This said as somebody who generally prints ABS and does hot level that printer..
Lulzbot did use this – 4 metal disks at the corners of the bed. Requires the nozzle to be clean from plastic debris also did not work well for large beds that sag in the middle. The hotend body is aluminium and electric contact is not easy.
Our luzbot destroyed the bed when the nozzle cable came loose and lost contact with the hotend.
1. In your idea, both the nozzle and the bed needs to be electrically isolated from the rest of the system, which might be difficult depending on the design, as these are metal parts that might be grounded through the chassis, via fasteners and stuff
2. Inductive probes exists (and so do contact probes libe BLTouch), which eliminates the need for exposed metal beds. Exposed metal is prone to getting dirty, which is also true for the nozzle
3. Metal beds are inferior to almost anything else available. Personally I’m using textured glass.
You also don’t need servos to do the bed adjustment, you can simply tell the z axis to move a fraction of a millimeter up or down depending on where you are on the bed. More powerful printer circuitry can “mesh level” with this technique. (and by more powerful, it’s simply a probe plus a 32-bit microcontroller instead of 8-bit, so probably only costs $20 more)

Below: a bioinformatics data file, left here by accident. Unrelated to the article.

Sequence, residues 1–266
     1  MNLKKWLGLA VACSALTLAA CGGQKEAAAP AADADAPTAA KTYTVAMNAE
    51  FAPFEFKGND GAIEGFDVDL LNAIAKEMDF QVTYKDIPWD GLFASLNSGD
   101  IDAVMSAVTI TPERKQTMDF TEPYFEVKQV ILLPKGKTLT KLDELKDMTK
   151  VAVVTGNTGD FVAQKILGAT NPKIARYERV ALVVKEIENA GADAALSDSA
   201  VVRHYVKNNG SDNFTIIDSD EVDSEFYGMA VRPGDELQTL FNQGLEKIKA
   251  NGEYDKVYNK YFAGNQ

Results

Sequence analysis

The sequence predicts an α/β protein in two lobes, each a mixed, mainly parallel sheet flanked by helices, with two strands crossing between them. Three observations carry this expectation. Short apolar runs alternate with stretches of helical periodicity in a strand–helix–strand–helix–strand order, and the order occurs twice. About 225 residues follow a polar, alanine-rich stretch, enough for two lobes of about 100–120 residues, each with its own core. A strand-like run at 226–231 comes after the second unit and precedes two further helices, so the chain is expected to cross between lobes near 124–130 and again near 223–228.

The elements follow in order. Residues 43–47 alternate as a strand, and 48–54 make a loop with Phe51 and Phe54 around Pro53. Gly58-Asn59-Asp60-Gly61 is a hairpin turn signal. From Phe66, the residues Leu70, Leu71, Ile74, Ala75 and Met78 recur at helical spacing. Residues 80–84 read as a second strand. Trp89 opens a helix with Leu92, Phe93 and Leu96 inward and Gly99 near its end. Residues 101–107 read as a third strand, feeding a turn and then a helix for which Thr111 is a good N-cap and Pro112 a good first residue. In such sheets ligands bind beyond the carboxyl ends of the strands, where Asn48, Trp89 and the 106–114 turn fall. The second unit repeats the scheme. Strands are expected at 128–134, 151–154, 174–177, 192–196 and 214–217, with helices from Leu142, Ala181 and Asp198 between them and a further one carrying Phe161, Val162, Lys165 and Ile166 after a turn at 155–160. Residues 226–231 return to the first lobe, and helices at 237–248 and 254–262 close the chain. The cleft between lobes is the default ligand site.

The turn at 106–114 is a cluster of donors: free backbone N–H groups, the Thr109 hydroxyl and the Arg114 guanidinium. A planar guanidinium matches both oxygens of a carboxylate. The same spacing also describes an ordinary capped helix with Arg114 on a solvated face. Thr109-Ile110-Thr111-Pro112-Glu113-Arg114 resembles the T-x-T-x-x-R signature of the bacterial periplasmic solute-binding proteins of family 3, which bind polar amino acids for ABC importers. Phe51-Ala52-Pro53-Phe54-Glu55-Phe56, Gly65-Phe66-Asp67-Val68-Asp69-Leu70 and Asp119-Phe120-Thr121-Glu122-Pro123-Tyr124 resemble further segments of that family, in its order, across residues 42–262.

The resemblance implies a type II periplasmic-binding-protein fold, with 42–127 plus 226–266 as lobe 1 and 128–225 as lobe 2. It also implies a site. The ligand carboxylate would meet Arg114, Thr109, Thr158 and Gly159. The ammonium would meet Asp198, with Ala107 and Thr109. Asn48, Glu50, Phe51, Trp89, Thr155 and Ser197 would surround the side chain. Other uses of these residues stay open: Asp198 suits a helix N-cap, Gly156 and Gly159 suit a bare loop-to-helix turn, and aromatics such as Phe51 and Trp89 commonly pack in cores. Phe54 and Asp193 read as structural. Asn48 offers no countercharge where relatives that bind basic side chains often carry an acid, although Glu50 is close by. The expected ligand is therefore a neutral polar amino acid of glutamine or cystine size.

Right now, for bed slinger designs, the industry has already settled on either inductive or touch probes. For non-bed-slinging designs, you literally don’t need to re-level your bed for years at a time, or you level-as-you-print.
This hackaday post shows a creative way to solve an non-issue, and I suspect that PCB fabricator gave the guy some discounts for posting this video. They always have those promotions.
Back in 2010, this device would’ve been ground breaking.
The biggest problem with using electrical conduction through the nozzle and bed to detect the bed surface is that any plastic on the nozzle prevents detection leading to the extruder cashing into the bed. Since a hot nozzle usually oozes filament just sitting there, this will be the case most of the time.
As for mesh leveling requiring a 32-bit micro, well the Prusa i3 Mk1 and Mk2 both have mesh leveling and use 8-bit micros.
I don’t understand what this kind of Z leveling is for. Why is a normal induction probe not enough? And since he is trying to replace induction probe with a button is he also using the button for X and Y calibration somehow?!
i don’t understand “normal induction probe” and i feel like maybe i wish i did? i don’t know how it would work, since there’s no metal in my bed?
Induction probes are used with aluminum heated beds to detect height, but if you have a glass bed you can use a capacitive probe, will detect it just fine